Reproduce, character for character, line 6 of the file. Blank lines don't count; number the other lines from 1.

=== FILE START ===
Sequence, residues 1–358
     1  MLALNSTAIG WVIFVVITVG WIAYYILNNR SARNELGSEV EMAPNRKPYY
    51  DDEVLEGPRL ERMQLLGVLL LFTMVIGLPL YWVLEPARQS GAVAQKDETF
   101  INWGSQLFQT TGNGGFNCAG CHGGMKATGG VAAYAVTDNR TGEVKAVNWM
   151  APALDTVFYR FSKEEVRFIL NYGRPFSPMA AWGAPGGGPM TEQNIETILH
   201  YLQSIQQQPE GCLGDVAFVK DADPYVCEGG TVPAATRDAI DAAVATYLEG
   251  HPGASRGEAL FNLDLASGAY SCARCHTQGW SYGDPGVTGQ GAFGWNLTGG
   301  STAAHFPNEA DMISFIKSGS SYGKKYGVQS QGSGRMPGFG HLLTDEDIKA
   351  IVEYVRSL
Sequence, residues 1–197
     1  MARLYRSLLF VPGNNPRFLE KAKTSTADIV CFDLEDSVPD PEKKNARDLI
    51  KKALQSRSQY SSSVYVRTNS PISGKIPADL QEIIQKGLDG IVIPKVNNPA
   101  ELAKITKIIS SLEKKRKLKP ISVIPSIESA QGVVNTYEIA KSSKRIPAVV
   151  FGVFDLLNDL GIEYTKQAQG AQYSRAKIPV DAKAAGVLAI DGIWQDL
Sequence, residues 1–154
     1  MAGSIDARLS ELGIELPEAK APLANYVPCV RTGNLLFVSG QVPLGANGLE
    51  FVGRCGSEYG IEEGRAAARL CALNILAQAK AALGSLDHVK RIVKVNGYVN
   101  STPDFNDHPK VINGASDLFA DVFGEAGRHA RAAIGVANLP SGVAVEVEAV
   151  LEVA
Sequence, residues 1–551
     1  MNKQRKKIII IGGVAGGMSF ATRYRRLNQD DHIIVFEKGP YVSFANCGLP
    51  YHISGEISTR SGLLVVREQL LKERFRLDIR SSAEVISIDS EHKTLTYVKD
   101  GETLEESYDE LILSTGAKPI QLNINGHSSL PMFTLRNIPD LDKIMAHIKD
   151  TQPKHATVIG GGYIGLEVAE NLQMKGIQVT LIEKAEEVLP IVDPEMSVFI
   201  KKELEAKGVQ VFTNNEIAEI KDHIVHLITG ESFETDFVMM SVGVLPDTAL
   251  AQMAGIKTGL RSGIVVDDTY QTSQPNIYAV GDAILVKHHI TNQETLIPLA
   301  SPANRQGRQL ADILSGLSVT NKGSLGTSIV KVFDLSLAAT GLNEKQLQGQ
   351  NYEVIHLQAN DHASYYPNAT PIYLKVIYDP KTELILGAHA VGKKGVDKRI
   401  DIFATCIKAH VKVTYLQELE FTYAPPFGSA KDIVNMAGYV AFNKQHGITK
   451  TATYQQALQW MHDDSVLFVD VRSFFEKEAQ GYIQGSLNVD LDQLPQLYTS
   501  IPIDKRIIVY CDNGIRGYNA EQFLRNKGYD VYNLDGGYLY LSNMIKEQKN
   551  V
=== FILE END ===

   201  YLQSIQQQPE GCLGDVAFVK DADPYVCEGG TVPAATRDAI DAAVATYLEG